C Shawn Taylor

5’11 PG Brandon Hollinger, Mobile, AL
6’6 SF Alonzo Gee, Palm Beach, FL
6’8 PF Richard Hendrix, Athens, AL
6’10 PF Yamene Coleman, Boykin, AL

PG – 6’2 Ronald Steele, so
SG – 6’6 Alonzo Gee, fr
SF – 6’7 Jean Felix, sr
PF – 6’8 Chuck Davis, sr
C – 6’10 Jermareo Davidson, jr

PG – 5’11 Brandon Hollinger, fr
SG – 6’5 Justin Jonus, so
PF – 6’8 Richard Hendrix, fr
PF – 6’9 Evan Brock, sr

Alabama shouldn’t be in the position it is in right now. Star Kennedy Winston should have preserved his eligibility, just in case his first round pick aspirations turned out to be slightly optimistic because of knees that had redflags all over it from the very start. Guards Glenn Miles and Albert Weber should be suiting up this fall, ready to play bigger roles in the backcourt. Talented junior college transfer Ray George should have dealt with his academic issues and be eligible to play right now. Unfortunately, none of these players will be a part of the Crimson Tide program. That leaves Gottfried in a true pinch, as sophomore floor general Ronald Steele is the only true scholarship guard on the roster.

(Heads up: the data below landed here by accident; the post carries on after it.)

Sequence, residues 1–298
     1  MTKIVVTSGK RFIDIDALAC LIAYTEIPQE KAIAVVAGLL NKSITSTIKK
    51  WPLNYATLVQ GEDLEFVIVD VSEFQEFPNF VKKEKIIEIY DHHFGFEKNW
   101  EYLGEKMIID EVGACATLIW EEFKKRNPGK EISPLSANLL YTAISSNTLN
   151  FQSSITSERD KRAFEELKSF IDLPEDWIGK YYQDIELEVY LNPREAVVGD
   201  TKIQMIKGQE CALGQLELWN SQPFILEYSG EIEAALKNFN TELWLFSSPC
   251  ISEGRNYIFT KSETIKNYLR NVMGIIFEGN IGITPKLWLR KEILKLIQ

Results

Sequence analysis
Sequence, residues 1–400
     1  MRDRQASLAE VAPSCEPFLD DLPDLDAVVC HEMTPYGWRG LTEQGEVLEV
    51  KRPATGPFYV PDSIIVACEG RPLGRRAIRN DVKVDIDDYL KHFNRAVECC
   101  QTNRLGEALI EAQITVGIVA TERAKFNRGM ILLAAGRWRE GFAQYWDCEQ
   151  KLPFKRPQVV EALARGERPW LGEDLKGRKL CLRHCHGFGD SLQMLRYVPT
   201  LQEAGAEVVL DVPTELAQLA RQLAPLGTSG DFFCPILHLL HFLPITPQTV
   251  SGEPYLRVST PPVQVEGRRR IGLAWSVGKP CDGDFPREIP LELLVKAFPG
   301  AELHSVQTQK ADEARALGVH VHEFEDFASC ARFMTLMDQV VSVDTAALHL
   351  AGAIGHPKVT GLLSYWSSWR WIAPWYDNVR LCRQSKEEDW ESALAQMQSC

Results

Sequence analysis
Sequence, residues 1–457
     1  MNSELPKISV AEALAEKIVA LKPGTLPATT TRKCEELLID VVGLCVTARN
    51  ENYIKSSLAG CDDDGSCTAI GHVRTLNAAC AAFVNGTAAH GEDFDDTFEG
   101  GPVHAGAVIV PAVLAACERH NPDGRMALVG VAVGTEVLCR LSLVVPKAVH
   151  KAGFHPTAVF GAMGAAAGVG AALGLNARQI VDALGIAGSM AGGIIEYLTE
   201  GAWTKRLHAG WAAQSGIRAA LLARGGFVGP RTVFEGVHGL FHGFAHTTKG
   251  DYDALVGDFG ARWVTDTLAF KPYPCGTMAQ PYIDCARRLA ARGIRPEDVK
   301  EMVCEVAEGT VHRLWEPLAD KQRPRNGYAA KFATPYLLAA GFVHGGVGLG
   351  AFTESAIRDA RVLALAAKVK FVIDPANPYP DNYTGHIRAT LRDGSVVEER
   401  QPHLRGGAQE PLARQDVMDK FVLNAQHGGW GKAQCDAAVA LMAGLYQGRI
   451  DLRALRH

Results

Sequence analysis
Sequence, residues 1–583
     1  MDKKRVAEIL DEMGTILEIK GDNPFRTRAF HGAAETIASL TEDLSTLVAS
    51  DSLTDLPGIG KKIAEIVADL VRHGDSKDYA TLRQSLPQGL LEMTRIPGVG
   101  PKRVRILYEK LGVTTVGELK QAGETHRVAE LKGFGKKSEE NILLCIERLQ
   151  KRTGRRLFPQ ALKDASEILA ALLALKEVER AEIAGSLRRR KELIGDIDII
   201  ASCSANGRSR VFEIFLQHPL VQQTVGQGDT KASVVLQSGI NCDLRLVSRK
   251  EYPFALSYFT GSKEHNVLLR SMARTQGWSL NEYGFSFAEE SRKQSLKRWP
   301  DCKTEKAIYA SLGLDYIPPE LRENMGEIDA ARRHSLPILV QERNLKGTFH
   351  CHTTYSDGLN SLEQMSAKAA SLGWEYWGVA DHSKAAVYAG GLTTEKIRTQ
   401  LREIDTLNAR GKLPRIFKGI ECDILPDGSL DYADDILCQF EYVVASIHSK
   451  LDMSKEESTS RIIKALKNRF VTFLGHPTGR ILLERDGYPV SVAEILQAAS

The roster attrition turns a season that should have been a banner one for the Crimson Tide program into a year where fans will be crossing their fingers in hopes of the remaining backcourt players staying healthy. The core of a very good team is here, with Steele ready to emerge into stardom, frontcourt stalwarts Chuck Davis and Jermareo Davidson returning, and blue chip freshman Richard Hendrix coming off the bench. Gottfried will look to small forwards like Jean Felix and Alonzo Gee to ease the load for Steele, but there is the real possibility that Gottfried will become overwhelmed before the end of the season. Alabama is still a formidable opponent capable of winning the SEC West, but the top ten team and final four contender that could have been is not likely to materialize in 2006.